Ancillary Estates In Pennsylvania
For most people, the probate process following the loss of a loved one is overwhelming, tedious, time-consuming, and mentally draining. Sometimes, the law requires multiple estates to be opened and administered in addition to the estate opened where the decedent lived. These estates are typically referred to as “ancillary estates.” When a person dies owning real estate in a state other than where that person resided, a second “ancillary estate” must be opened in the state where the real estate is located. Dealing with ancillary probate adds yet another stage to an already-painful probate process, yet it’s important to understand the rules and nuances.
For example, when an out-of-state resident dies while owning real estate in Pennsylvania, ancillary probate is needed because real estate is legally controlled and governed by the laws of the jurisdiction, or state, where the real property is located and cannot be administered through a different state’s probate process.
How Do I Open an Ancillary Estate in Pennsylvania?
The ancillary estate can be opened in any county in Pennsylvania where the decedent owned real estate.
If an out-of-state decedent left a valid will and that will has been admitted to probate in the decedent’s home state, then pursuant to Pennsylvania Statutes Title 20 Pa.C.S.A. § 3136 (Wills probated outside the Commonwealth), a copy of the decedent’s duly authenticated will be admitted to probate in their home state, can be offered for probate in Pennsylvania and an ancillary estate opened, if the will is accompanied with an authenticated copy of the probate proceedings of the decedent’s home state showing that the will has been admitted to probate in that state.
If an out-of-state decedent did not leave a will, then the personal representative appointed in the decedent’s home state can open an ancillary estate in Pennsylvania by producing an exemplified copy of the personal representative’s appointment as such by the decedent’s home state pursuant to Pennsylvania Statutes Title 20 Pa.C.S.A. § 4101.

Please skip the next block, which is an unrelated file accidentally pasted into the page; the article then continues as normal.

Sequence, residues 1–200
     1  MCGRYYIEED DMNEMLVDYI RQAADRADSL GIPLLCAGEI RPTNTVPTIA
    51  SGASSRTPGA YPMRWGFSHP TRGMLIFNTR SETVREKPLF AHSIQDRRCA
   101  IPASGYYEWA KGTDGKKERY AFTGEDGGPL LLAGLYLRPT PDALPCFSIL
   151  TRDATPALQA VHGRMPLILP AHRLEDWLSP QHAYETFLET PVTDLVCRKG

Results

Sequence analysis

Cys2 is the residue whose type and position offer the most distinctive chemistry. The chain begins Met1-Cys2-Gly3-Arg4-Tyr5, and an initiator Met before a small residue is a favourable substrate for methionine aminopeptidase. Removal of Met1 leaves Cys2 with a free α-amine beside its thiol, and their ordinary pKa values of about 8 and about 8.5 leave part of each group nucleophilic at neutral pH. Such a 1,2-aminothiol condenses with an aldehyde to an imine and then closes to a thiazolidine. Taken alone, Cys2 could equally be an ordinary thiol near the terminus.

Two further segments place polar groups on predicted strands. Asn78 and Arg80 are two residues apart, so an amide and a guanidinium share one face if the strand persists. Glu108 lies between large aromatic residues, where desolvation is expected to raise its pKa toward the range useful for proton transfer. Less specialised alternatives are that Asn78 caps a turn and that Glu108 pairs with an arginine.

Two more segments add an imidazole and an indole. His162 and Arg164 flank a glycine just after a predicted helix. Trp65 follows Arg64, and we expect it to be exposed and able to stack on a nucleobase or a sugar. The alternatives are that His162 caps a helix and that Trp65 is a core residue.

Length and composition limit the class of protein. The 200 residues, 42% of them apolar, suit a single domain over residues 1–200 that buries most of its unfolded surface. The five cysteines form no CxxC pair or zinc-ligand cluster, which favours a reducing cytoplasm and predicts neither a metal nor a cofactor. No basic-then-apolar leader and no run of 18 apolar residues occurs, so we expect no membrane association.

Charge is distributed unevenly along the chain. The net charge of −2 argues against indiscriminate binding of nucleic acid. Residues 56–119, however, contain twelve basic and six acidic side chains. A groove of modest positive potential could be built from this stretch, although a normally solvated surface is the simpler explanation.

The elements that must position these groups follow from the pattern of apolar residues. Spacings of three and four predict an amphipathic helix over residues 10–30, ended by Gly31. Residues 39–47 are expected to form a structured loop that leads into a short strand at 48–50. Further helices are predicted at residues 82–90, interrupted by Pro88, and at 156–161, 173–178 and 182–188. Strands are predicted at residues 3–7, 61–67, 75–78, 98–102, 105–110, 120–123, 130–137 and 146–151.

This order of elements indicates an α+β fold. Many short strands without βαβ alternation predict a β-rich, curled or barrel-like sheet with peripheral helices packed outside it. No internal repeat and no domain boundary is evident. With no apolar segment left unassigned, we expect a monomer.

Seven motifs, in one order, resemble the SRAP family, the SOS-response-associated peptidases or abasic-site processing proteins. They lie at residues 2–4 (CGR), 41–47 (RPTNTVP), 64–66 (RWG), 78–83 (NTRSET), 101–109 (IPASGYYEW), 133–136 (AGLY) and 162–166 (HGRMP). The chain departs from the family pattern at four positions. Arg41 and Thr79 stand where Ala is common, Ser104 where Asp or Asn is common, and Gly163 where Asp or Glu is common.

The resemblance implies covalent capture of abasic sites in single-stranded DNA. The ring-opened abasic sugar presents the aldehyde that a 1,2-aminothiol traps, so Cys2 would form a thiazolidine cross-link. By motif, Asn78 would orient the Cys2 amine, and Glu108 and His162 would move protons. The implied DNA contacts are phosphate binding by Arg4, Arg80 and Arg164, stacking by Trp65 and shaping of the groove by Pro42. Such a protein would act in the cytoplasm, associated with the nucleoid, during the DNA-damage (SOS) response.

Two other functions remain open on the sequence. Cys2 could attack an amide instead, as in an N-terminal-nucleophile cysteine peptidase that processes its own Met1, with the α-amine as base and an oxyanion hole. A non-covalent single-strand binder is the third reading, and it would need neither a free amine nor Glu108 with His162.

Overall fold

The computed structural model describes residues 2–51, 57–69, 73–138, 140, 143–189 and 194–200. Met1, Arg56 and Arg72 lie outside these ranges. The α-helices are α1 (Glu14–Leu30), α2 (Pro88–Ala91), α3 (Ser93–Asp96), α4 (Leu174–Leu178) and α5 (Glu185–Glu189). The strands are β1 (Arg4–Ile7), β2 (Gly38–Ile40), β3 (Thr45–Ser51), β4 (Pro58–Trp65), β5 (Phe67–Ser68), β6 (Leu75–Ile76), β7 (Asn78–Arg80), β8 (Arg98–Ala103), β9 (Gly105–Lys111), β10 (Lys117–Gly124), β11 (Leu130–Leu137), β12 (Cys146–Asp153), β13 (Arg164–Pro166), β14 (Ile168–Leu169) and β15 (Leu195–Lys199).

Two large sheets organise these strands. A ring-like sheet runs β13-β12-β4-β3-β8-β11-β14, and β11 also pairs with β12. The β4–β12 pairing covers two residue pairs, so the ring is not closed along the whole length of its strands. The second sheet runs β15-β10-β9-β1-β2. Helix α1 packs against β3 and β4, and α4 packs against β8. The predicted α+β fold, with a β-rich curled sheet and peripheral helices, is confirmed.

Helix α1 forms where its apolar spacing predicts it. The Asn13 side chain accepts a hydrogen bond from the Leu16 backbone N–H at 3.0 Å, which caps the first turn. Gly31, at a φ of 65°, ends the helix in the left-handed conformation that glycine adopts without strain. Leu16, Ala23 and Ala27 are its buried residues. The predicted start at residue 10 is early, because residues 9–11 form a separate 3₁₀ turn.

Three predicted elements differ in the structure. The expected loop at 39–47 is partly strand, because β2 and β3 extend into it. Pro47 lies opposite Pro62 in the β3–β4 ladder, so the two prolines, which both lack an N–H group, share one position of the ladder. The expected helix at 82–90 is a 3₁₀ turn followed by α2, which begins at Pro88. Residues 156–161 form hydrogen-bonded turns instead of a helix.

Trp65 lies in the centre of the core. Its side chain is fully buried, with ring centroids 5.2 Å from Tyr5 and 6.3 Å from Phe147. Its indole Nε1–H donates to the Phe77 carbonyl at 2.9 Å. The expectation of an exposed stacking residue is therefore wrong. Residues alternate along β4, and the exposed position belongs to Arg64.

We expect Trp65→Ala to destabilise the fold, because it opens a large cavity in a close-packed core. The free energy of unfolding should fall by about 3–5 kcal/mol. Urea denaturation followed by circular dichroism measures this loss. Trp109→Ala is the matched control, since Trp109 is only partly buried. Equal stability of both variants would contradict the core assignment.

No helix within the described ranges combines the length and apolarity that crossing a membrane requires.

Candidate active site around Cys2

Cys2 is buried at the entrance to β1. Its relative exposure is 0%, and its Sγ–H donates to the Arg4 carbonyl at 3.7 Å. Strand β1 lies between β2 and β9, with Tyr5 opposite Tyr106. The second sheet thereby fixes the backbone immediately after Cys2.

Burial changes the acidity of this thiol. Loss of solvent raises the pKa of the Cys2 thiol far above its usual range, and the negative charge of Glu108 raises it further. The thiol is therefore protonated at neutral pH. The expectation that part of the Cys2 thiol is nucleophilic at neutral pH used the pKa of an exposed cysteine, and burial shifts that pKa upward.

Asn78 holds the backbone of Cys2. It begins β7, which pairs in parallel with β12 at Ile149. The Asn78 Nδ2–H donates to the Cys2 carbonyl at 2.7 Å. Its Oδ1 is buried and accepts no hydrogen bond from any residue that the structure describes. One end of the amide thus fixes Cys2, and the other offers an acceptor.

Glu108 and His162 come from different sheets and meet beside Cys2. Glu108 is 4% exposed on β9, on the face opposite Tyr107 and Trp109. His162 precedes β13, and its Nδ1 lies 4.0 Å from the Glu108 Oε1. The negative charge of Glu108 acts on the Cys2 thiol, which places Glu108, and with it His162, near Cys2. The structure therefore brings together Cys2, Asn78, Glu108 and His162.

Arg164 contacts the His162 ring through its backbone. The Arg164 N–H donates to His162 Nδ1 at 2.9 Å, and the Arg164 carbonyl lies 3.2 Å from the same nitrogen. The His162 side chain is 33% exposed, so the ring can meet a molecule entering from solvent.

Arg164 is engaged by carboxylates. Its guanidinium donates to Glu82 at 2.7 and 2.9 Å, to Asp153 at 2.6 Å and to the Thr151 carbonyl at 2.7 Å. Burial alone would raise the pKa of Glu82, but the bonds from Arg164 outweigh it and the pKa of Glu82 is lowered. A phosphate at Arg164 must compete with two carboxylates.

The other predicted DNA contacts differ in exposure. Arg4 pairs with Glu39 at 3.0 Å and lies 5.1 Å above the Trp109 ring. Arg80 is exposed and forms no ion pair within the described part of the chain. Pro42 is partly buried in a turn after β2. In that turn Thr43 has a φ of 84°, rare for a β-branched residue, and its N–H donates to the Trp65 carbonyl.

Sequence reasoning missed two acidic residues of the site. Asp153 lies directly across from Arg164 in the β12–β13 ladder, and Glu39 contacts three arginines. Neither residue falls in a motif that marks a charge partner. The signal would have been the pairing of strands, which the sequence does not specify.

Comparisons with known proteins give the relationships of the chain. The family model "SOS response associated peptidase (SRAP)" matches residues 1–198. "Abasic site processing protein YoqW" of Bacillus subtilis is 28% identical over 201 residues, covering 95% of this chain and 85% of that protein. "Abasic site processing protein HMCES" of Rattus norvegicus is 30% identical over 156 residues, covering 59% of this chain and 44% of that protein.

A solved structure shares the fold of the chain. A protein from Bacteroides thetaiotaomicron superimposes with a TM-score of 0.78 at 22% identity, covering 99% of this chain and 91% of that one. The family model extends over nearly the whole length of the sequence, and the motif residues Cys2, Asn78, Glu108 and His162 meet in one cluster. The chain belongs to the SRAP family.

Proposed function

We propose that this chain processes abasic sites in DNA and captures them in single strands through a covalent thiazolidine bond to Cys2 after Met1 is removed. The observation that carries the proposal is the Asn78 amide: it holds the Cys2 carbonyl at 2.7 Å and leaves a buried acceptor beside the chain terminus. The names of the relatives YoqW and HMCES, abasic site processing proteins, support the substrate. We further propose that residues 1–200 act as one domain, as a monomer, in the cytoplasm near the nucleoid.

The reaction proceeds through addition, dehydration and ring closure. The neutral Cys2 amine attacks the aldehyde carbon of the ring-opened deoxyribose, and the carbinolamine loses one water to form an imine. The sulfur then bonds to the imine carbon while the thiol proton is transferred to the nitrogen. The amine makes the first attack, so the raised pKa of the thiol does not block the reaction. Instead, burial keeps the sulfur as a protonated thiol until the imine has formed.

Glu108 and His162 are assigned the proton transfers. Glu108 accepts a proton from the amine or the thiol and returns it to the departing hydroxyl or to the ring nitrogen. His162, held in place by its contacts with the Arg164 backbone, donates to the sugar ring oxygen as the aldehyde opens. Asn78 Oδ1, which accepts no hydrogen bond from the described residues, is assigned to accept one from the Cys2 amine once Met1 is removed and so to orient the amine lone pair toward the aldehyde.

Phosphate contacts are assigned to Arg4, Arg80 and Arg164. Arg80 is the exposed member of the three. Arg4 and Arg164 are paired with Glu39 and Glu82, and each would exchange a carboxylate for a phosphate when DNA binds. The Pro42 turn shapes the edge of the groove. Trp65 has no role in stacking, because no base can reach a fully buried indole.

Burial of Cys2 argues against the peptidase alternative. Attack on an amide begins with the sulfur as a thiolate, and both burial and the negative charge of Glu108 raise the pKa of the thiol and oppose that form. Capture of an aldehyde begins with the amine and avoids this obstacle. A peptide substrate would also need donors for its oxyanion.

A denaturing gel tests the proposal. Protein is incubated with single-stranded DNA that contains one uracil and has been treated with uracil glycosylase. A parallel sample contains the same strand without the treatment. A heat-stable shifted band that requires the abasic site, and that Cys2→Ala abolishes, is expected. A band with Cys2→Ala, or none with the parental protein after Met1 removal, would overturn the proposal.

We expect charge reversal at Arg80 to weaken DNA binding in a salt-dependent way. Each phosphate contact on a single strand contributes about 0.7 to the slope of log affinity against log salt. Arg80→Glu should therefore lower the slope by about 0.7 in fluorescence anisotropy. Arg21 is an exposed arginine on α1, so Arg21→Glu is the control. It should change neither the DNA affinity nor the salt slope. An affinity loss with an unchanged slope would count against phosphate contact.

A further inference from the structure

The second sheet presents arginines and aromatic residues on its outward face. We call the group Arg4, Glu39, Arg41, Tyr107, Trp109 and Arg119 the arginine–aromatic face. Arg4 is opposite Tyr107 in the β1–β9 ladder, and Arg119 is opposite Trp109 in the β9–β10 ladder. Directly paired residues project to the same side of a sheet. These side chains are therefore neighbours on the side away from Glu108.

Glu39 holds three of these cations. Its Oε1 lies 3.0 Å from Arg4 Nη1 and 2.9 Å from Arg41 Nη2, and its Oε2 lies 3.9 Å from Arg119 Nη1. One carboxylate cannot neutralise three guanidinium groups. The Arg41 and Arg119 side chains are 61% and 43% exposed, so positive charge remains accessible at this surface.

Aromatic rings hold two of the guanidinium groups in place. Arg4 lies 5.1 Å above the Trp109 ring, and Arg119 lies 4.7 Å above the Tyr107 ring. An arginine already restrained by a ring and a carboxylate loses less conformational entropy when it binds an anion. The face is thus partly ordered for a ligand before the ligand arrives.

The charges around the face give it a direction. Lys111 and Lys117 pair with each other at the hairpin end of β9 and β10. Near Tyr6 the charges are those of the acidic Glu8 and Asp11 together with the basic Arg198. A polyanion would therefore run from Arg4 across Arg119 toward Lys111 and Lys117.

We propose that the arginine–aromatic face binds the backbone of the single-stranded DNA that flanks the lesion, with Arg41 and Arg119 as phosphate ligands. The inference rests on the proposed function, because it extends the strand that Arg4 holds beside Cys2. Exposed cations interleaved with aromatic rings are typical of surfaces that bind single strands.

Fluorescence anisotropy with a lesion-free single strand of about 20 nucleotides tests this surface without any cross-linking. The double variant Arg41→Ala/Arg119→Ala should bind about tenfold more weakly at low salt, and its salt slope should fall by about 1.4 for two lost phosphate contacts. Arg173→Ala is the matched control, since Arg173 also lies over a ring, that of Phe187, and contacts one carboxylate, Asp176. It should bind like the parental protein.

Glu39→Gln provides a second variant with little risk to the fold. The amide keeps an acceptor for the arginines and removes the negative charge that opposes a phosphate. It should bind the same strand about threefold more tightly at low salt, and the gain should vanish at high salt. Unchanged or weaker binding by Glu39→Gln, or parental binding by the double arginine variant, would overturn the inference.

In addition to the above, the personal representative will need to file a Petition for Grant of Letters with the Register of Wills for the county in Pennsylvania where the decedent owned real estate.
One of the aforementioned nuances is that an out-of-state fiduciary may not exercise their powers in the Commonwealth until one month after the decedent’s passing. Pennsylvania inheritance tax may be owed on the property the decedent owned in Pennsylvania and a Non-resident Inheritance Tax Return will need to be prepared. Where the personal representative of the Pennsylvania ancillary estate is the personal representative of the decedent’s estate in their home state, then the personal representative is required to keep the funds from the Pennsylvania ancillary estate separate from the funds of the decedent’s estate in their home state.
A Probate Attorney Can Help With the Nuances of Ancillary Probate
As if the probate process weren’t complicated enough, ancillary probate adds yet another layer of complexity to the process. Still, it’s important to thoroughly follow the ancillary probate process to ensure the beneficiaries receive all of the assets due to them in a will or even through the state’s inheritance laws.
Here at Goodwin Como, we understand the laws and even the small nuances of both typical probate and ancillary probate. We work hard to accommodate our out-of-state clients to ensure constant communication and cut down on their travel as much as possible. Contact a probate attorney at Goodwin Como online or call us at 724-438-1616 for your free consultation.